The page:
Tesco backs non-food stores as profit soars

Grocer denies speculation that expansion of Homeplus put on hold
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The Independent Online

Tesco has reaffirmed its commitment to growing its Homeplus standalone non-food format ahead of it unveiling expected record annual profits of more than £3bn today.

Speculation has been mounting that Tesco had put on hold a further expansion of its Homeplus stores, which currently number 13, but yesterday the retail giant was forced to deny this was the case.

A Tesco spokesman said: "Our trial of Tesco Homeplus non-food stores is continuing with 13 stores now open," although he declined to comment on its pipeline of new store openings.

The commitment by the UK's largest grocer to Homeplus comes at a time when rival Asda has vowed to step up the expansion of its Asda Living non-food format, as part of its plan to leagfrog Tesco as the UK's biggest non-food retailer over the next five years.

City analysts expect Tesco, which has operations in 14 countries including the US, China and South Korea, to unveil pre-tax profits up by 8 per cent to a record of £3.38bn in the year to February 2010.

Tesco launched Homeplus at a store near Manchester in 2005, and the last stores it opened were in Nottingham and Edinburgh in November 2008. The shops sell a vast array of general merchandise, including bikes, homewares, clothing and computers, but not food.

The Tesco spokesman said: "Customers particularly like the convenience of being able to shop in the store as well as from Tesco Direct catalogues and collect their purchases from stock. This facility is available in six Homeplus stores and is likely to be introduced into more later this year."

However, Bryan Roberts, the global research director at Planet Retail, said: "Clearly, Homeplus has not lived up to expectations. If Tesco feels like something has legs they will go for it. I think it is inferior to Asda Living, mainly because Tesco lacks that killer brand in clothing. Tesco's Florence & Fred and Cherokee brands have done quite well but they cannot hold a candle to George [Asda's clothing brand]."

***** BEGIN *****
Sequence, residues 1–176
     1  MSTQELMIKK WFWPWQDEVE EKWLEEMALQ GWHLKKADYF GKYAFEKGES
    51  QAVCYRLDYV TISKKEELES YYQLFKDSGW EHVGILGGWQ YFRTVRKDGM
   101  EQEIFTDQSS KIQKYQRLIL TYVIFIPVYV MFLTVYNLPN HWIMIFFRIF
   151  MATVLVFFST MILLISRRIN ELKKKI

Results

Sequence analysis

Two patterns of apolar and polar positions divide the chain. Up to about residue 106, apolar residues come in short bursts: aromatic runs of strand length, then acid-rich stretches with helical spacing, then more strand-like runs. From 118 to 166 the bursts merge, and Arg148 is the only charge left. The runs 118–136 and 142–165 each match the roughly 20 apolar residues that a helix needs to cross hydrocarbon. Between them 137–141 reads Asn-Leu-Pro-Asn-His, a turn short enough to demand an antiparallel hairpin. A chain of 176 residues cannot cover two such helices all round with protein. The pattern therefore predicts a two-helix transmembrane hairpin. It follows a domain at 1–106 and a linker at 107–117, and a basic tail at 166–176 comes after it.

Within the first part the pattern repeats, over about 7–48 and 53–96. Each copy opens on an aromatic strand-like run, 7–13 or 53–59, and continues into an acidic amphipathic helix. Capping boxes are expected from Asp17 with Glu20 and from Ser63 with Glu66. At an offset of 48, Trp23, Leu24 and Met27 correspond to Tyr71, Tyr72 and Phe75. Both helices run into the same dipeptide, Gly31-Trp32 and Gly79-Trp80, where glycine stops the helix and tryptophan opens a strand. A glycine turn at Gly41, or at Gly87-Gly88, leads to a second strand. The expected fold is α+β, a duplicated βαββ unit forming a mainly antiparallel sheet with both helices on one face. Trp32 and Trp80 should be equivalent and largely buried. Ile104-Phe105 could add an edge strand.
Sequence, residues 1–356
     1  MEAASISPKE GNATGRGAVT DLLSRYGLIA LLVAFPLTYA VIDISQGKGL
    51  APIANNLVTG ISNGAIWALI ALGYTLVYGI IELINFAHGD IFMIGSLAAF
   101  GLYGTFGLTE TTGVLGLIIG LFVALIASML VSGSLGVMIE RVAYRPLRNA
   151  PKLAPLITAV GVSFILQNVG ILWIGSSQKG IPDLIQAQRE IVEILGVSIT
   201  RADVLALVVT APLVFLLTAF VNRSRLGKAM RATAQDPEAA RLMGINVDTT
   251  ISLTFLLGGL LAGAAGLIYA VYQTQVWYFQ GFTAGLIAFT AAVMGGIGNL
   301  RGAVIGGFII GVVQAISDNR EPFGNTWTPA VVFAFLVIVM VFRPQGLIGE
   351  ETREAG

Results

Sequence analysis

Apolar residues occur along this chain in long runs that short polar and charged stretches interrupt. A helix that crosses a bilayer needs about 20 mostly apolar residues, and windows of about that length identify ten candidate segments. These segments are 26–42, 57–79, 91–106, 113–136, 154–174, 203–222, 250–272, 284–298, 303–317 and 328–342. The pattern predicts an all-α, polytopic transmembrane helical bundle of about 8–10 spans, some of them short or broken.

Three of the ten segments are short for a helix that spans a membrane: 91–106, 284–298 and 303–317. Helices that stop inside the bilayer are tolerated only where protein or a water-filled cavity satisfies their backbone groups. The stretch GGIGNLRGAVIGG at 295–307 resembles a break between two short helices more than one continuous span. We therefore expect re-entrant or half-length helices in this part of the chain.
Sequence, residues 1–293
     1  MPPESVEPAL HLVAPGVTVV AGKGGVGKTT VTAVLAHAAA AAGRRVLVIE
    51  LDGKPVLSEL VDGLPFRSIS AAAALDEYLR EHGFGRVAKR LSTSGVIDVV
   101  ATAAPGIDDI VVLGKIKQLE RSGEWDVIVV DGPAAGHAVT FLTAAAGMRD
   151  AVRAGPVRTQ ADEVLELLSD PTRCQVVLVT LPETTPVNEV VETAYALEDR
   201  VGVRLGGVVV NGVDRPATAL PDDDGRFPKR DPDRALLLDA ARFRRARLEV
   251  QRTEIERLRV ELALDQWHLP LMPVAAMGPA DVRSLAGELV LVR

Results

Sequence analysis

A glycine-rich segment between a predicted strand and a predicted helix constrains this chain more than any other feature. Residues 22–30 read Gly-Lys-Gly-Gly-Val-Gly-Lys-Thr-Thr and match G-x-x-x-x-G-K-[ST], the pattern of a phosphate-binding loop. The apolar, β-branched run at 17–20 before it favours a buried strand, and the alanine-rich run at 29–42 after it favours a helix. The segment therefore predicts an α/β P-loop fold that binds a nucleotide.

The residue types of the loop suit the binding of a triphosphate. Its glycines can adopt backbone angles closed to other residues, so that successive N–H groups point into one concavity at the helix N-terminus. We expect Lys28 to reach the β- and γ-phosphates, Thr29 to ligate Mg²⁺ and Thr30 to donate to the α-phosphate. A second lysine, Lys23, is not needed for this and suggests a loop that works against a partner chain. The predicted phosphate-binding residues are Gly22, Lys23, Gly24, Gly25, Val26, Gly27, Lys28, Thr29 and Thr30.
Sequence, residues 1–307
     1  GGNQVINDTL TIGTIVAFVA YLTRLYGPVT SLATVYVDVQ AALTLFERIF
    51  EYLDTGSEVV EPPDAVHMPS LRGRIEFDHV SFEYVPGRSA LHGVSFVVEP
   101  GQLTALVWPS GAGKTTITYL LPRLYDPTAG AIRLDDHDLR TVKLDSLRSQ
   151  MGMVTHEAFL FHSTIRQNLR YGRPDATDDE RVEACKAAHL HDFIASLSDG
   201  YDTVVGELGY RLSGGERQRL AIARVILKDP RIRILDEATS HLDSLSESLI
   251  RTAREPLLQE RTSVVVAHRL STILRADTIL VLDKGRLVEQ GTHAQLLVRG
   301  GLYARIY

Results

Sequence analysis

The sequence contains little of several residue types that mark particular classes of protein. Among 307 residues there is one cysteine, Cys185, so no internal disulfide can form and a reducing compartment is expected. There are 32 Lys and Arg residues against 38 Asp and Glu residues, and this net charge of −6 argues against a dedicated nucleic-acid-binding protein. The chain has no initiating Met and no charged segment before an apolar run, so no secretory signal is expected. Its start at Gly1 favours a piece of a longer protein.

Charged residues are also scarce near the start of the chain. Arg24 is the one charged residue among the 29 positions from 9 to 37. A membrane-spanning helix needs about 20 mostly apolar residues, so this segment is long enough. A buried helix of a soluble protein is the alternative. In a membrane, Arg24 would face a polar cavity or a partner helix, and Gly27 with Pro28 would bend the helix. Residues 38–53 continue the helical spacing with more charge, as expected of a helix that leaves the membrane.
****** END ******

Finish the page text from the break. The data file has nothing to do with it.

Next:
Last week, Andy Bond, who is stepping down as chief executive of Asda to become the grocer's part-time chairman, said that the Wal-Mart-owned supermarket plans to grow Asda Living from 25 stores to 150 over the next five years, although this is only half of a previous commitment to open 300 that he made in 2007.

Furthermore, eyebrows have been raised about whether Asda will be able to overtake Tesco in non-food without making a major acquisition of a general merchandise retailer.

Mr Roberts said: "They [Asda] are being overly optimistic if they think they can get to number one by opening 150 Asda Living and a following wind in e-commerce."

Speculation has recently linked Asda to a potential acquisition of Home Retail Group, the owner of the catalogue specialist Argos and DIY retail chain Homebase, but the grocer has declined to comment on the rumours.

Tesco is expected to say that its group full-year sales jumped by 8 per cent to £58.4bn, driven by strong performances overseas, such as in South Korea where it acquired the Homever chain in May 2008. However, City analysts will scrutinise any comments made by Sir Terry Leahy, Tesco's chief executive, about current UK trading and the outlook for consumer confidence. The UK's biggest grocers have seen their sales growth dented by falling food price inflation and consumers trimming their spend. This month analysts at JP Morgan Cazenove said: "We believe the start to 2010/11 has been tough with like-for-like sales slowing [at Tesco]."

For the 12 weeks to 21 March 2010, Tesco delivered sales growth of 4.1 per cent ahead of Asda's 2.7 per cent, but behind Sainsbury's 4.6 per cent and Morrisons' 7.8 per cent, according to Kantar Worldpanel. The firm said the sales growth at the UK's major grocers had fallen to a pre-recession low of 3.6 per cent. Tesco market share of 30.3 per cent dwarfs Asda's 17.1 per cent, Sainsbury's 16.3 per cent and Morrisons' 12.1 per cent.

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